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MSU Alumnus and World Renowned Solar Physicist Eugene Parker Passes Away

Artist's rendition of Parker Solar Probe approaching the Sun
Caption; Artist's rendition of Parker Solar Probe approaching the Sun. Credit: Johns Hopkins University Applied Physics Laboratory

It is with sadness that we pass on the news that MSU undergraduate alumnus and renowned solar physicist Eugene Parker has died at the age of 94. Dr. Parker has many connections to Michigan State. He graduated with an undergraduate degree from MSU in physics in 1948 after spending much of his youth in Michigan. Dr. Parker went on to receive his PhD from Caltech. In 1955 he joined the physics faculty at the University of Chicago, where he remained for the rest of his career.

Dr. Parker revolutionized many of the areas he worked in. One of the first and most famous examples is the presence of the solar wind, which he proposed very much against the grain early in his career,  but was soon shown to be correct by new observations. He also made major contributions to the astrophysical understanding of magnetic fields, plasma physics and cosmic rays. His importance in solar physics was such that NASA’s Parker Solar Probe is named after him. He also received many other accolades over his career, including the Royal Swedish Academy of Sciences Crafoord Prize, the Kyoto Prize, and major prizes from the American Physical Society, and the American Astronomical Society, and the Royal Astronomical Society, among others.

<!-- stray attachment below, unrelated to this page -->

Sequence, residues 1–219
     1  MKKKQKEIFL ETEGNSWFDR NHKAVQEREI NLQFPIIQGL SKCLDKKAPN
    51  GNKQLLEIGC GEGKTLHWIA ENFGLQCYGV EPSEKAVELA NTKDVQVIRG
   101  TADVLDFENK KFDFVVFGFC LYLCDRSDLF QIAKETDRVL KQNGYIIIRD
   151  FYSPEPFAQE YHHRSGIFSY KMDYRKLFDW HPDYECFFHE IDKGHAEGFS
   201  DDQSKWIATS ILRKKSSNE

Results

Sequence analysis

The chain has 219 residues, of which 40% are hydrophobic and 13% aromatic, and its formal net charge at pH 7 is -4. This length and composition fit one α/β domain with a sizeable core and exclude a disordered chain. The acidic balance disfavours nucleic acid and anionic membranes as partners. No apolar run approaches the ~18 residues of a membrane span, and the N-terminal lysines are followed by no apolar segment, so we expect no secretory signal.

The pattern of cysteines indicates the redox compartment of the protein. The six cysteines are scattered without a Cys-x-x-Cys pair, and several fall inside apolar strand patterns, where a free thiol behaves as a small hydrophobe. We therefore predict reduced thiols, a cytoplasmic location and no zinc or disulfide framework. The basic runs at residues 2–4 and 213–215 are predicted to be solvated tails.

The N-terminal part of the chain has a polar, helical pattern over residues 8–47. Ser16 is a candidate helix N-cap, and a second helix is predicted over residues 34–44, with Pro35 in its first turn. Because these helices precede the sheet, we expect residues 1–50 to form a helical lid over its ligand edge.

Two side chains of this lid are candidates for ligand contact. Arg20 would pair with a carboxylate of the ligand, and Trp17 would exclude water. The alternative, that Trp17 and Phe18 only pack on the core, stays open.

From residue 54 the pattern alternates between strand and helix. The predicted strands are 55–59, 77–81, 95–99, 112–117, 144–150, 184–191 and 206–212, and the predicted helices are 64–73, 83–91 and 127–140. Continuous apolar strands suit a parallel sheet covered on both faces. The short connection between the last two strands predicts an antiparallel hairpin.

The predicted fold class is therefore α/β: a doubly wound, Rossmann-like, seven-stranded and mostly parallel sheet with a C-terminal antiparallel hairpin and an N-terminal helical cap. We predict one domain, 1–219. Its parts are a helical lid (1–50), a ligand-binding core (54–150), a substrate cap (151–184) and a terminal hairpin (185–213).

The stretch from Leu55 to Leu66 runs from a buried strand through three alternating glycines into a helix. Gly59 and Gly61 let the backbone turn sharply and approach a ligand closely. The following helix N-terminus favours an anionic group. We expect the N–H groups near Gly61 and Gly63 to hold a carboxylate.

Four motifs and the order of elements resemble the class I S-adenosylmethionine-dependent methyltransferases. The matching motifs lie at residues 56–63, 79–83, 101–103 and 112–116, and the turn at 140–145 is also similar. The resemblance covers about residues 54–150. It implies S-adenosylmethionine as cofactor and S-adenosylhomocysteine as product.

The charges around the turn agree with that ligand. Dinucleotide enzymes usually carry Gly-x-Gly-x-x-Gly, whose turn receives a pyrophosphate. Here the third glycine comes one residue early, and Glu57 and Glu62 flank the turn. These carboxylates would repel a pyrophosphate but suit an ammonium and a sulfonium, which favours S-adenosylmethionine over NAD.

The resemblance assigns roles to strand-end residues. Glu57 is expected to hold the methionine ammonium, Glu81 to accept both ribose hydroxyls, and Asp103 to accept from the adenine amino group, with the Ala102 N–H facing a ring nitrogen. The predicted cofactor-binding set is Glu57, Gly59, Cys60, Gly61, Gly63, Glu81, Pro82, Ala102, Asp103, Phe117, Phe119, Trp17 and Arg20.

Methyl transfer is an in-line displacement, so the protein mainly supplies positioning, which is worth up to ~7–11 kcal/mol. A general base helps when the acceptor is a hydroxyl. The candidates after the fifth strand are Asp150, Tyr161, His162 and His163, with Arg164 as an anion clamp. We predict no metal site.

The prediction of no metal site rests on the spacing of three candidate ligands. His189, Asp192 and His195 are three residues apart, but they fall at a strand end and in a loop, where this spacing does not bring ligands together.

Eugene Parker was also connected to MSU and the Department of Physics and Astronomy in another way. Former physics and astronomy Professor Ed Loh, who passed away in 2019, was his son-in-law, married to his daughter Joyce who recently retired from the science education faculty. Eugene, his wife Niesje, and his family have generously supported the department many times. They contributed significantly to the SOAR Telescope, and recently endowed the Parker Scholarships for excellent undergraduate students with financial need.